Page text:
Regnum Christi | Legionaries of Christ

 Encountering Jesus through Novenas 

novena

NOUN (in the Roman Catholic Church) a form of worship consisting of special prayers or services on nine successive days. Origin: Mid 19th century: from medieval Latin, from Latin novem ‘nine’. Pronunciation: novena /nə(ʊ)ˈviːnə/

– Oxford English Dictionary

 

“What I want is simply to help people to pray. We will only have the strength to cooperate with Jesus in building his Kingdom if we are people of prayer. Prayer, in all its many forms, is the central ‘activity’ of our lives because it puts us in direct contact with Jesus who is the central figure of our lives. If we pray, we will experience Jesus’ love, and if we experience his love, we will work with passion and zeal to spread his love. I see my novenas simply as one small way of helping those who feel called to pray them, to encounter Jesus in their hearts.” 

– Fr. Andre LaBudde, LC

 

In 2012, Fr. Andrew LaBudde LC, was a brother in Rome, preparing himself for the priesthood.  He noticed that a number of his fellow brothers were seeking deeper sources of spirituality in the wake of the problems with the founder.   Many of the Legionaries of Christ superiors and Cardinal Velasio de Paolis, who was leading the order through a renewal at the time,  had spoken about the need for Legionaries to write spirituality to share with their brothers. The idea came to him write his own novena for the Feast of the Sacred Heart. He composed a prayer and wrote a reflection for each of the nine days leading up to the solemnity. Knowing a few of his friends, fellow Legionary brothers, would benefit from the novena, he would simply print the prayers out and slip the novena reflection under their door each day, without saying anything. By the end of the nine days, they figured out that Fr. Andrew was the author.  Realizing that not only did he enjoy writing the prayers, but also that the other brothers wanted him to continue, he kept writing and sharing new reflections each day for the rest of that June, the month of the Sacred Heart.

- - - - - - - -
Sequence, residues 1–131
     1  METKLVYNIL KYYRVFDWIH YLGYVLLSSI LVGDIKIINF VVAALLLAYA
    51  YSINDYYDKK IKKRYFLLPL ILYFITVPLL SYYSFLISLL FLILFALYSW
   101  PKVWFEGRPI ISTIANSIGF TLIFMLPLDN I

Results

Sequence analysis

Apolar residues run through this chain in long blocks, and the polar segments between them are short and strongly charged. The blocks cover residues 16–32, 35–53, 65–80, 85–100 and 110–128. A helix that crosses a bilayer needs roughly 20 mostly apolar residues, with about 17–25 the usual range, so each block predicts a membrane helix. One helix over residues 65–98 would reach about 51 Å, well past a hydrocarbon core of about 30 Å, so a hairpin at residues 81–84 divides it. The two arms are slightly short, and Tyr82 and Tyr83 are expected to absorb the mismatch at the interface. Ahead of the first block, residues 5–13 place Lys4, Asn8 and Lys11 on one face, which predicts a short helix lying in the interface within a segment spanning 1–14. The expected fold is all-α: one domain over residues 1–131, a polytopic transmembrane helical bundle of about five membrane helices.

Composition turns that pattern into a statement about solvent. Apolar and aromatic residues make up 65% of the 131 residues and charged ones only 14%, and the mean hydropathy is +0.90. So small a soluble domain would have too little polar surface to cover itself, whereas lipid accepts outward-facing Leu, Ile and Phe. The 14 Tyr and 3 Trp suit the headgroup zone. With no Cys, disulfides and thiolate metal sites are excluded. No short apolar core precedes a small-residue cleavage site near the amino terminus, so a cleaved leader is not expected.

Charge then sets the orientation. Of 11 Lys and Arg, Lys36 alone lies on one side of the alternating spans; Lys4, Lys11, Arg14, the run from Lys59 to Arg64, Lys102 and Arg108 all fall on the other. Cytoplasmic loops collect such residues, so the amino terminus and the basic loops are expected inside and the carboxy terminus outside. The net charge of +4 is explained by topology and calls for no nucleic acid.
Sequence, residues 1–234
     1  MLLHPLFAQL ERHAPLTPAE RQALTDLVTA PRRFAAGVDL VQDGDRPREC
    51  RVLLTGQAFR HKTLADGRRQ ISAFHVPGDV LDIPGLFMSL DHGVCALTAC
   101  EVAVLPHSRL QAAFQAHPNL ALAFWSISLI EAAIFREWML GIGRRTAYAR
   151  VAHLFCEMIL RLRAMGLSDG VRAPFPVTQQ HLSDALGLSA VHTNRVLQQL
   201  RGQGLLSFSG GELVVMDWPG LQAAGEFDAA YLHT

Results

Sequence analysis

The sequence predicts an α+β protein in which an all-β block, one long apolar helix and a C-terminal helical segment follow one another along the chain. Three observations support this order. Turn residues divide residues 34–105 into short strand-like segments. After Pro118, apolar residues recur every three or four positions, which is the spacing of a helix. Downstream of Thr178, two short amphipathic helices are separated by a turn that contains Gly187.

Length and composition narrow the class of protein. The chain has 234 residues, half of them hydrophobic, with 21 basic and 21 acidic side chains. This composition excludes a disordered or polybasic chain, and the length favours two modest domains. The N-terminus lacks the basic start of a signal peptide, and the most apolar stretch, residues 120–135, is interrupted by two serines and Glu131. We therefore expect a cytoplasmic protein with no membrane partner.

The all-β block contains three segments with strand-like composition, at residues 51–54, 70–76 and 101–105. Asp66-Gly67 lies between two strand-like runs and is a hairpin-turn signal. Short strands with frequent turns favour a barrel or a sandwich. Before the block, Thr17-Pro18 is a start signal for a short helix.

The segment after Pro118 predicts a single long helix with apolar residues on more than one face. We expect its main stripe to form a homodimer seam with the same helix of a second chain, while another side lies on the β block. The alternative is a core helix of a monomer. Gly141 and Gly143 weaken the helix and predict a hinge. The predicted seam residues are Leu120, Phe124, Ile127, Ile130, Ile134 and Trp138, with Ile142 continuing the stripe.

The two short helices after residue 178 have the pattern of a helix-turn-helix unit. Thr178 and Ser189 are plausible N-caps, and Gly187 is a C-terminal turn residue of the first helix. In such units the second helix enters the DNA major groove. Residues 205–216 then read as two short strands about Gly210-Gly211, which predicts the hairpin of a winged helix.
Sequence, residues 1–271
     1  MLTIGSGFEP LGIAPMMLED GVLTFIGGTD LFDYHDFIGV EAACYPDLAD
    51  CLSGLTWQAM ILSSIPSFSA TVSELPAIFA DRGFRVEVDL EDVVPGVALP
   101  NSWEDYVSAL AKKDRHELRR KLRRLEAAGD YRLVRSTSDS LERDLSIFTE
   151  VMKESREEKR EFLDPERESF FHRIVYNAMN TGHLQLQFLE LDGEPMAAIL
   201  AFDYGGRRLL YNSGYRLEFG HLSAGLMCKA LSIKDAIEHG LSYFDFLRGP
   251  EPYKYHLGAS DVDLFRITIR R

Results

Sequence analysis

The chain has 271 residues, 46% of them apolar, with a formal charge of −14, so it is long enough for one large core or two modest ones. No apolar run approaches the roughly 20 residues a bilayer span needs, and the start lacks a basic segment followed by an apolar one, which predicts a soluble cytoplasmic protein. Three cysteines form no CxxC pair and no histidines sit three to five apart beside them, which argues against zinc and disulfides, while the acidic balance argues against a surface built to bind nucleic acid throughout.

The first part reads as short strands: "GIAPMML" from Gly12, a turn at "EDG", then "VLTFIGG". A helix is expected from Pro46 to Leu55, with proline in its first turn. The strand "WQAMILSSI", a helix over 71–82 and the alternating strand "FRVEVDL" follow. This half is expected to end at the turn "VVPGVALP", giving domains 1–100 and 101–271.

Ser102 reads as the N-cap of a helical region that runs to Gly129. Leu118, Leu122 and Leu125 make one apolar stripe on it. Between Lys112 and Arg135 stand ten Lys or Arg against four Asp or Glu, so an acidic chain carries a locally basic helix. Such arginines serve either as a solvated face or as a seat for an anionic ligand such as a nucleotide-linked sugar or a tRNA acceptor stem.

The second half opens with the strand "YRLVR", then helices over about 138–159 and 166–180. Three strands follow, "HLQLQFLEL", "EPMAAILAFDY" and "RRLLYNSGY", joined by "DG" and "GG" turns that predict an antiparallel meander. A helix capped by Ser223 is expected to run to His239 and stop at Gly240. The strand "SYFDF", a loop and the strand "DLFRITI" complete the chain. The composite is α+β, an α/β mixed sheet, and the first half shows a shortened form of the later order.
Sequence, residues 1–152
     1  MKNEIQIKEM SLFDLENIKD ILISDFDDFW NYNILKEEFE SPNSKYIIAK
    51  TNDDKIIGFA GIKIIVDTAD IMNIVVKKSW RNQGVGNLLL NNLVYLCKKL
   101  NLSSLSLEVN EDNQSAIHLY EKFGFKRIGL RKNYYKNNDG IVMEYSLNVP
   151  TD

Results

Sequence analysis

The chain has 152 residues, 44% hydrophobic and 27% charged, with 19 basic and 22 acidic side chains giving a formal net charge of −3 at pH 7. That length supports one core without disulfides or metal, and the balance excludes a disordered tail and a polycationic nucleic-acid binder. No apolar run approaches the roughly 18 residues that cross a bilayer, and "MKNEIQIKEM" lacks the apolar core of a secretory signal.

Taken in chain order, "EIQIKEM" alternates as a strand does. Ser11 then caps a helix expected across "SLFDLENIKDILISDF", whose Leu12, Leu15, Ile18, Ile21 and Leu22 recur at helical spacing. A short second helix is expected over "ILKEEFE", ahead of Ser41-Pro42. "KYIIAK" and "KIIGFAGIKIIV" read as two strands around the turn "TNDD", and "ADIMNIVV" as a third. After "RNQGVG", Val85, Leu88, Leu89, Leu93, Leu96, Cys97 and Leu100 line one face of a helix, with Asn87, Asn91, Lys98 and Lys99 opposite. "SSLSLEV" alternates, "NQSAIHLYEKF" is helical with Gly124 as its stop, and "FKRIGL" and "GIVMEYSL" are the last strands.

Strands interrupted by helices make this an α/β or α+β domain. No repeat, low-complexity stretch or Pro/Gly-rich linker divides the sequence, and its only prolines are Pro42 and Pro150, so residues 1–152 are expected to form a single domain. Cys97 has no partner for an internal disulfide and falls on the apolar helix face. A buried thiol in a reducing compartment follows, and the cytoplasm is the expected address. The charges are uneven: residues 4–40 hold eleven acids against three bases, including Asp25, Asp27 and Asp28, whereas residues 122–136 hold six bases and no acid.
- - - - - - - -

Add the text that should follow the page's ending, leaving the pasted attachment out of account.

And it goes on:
Later that Summer, someone shared with Fr. Andrew that over the past month or so, prayer had been very difficult for him, and he had felt very much alone, but what helped him to get through that difficult time and find spiritual nourishment were Fr. Andrew’s daily reflections.  That testimony made Fr. Andrew decide to continue to write more prayers. He wrote more novenas for major feast days, as well as short reflections for different saints, and reflections for the Via Crucis (way of the cross).  He would give them to whoever wanted to receive them. Soon brothers were continuously approaching him, asking if they could be put on his list.

A novena can help with spiritual growth in many ways: it can be a way to pray for a grace one needs or wants; to go deeper into a specific theme, or to help prepare for the celebration of a particular feast day. Fr. Andrew tries to share the richness of a feast day through the novenas he writes because in his experience, “Often we celebrate a feast and the only idea we get from it is what the homilist preaches about that day, while normally there is still much more to learn and benefit from spiritually in that feast. If we are praying and reflecting over the feast for nine days, we will benefit more from the actual celebration of the feast day.”